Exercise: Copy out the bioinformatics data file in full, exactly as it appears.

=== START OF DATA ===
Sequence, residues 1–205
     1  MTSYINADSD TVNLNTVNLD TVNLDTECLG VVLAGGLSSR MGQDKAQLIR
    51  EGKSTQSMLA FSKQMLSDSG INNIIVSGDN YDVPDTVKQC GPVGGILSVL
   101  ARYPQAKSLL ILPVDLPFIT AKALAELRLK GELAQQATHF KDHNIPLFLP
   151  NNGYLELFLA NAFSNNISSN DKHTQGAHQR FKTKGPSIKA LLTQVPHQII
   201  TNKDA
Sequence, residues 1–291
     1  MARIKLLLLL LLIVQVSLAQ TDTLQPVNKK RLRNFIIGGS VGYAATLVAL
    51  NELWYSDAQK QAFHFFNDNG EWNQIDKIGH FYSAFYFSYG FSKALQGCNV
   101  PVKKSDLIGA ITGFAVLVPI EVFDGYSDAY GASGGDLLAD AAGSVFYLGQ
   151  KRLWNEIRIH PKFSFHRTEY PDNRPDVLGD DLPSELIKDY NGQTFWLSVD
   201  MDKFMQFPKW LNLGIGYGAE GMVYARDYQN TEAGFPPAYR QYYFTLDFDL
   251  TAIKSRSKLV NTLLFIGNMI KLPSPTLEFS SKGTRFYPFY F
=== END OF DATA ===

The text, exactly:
Sequence, residues 1–205
     1  MTSYINADSD TVNLNTVNLD TVNLDTECLG VVLAGGLSSR MGQDKAQLIR
    51  EGKSTQSMLA FSKQMLSDSG INNIIVSGDN YDVPDTVKQC GPVGGILSVL
   101  ARYPQAKSLL ILPVDLPFIT AKALAELRLK GELAQQATHF KDHNIPLFLP
   151  NNGYLELFLA NAFSNNISSN DKHTQGAHQR FKTKGPSIKA LLTQVPHQII
   201  TNKDA
Sequence, residues 1–291
     1  MARIKLLLLL LLIVQVSLAQ TDTLQPVNKK RLRNFIIGGS VGYAATLVAL
    51  NELWYSDAQK QAFHFFNDNG EWNQIDKIGH FYSAFYFSYG FSKALQGCNV
   101  PVKKSDLIGA ITGFAVLVPI EVFDGYSDAY GASGGDLLAD AAGSVFYLGQ
   151  KRLWNEIRIH PKFSFHRTEY PDNRPDVLGD DLPSELIKDY NGQTFWLSVD
   201  MDKFMQFPKW LNLGIGYGAE GMVYARDYQN TEAGFPPAYR QYYFTLDFDL
   251  TAIKSRSKLV NTLLFIGNMI KLPSPTLEFS SKGTRFYPFY F